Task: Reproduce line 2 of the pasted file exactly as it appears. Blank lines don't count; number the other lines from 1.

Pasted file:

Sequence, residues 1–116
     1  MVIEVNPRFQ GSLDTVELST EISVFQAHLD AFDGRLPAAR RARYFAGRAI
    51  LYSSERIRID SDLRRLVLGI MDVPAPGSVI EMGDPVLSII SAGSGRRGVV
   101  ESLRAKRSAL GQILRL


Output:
     1  MVIEVNPRFQ GSLDTVELST EISVFQAHLD AFDGRLPAAR RARYFAGRAI